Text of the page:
Gates says the $10 billion his foundation has put into the three organizations has created an estimated $200 billion in social and economic benefits. (The estimate is from the Copenhagen Consensus Center, a think tank that estimates cost analysis to global problems.)
"Suppose that our foundation hadn't invested in Gavi, the Global Fund and GPEI and had instead put that $10 billion into the S&P 500, promising to give the balance to developing countries 18 years later. As of last week, those countries would have received about $12 billion, adjusted for inflation, or $17 billion if we factor in reinvested dividends," Gates says describing the estimates from the Copenhagen Consensus Center.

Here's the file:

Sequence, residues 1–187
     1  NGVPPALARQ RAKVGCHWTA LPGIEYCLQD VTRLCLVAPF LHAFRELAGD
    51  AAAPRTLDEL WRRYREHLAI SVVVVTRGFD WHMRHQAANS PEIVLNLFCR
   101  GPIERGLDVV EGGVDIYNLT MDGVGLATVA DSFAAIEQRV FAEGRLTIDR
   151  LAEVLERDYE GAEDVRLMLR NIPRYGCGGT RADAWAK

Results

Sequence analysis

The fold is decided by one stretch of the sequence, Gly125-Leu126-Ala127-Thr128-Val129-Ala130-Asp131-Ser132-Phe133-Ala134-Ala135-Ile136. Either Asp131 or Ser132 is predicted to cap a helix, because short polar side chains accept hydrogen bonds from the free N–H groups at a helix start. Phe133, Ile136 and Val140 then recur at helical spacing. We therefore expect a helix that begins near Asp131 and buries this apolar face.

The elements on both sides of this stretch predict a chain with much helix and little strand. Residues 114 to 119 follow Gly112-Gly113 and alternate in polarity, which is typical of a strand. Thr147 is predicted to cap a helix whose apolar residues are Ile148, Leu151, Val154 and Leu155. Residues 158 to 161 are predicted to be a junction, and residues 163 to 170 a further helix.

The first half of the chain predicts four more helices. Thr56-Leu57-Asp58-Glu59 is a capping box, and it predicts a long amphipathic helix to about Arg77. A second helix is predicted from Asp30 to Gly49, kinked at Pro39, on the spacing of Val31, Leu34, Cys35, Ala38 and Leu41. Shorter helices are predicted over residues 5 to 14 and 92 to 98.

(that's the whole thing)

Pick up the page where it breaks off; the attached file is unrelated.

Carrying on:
Had the Gates Foundation invested that $10 billion in energy projects in the developing world, the return would have been $150 billion, Gates says. Infrastructure investment in the developing world would have returned $170 billion.
"By investing in global health institutions, however, we exceeded all of those returns," Gates writes.
"Institutions such as Gavi, the Global Fund and GPEI are the closest things that we have to surefire bets to alleviate suffering and save lives," he writes in the Journal. "They are the best investments that Melinda and I have made in the past 20 years, and they are some of the best investments the world can make in the years ahead."
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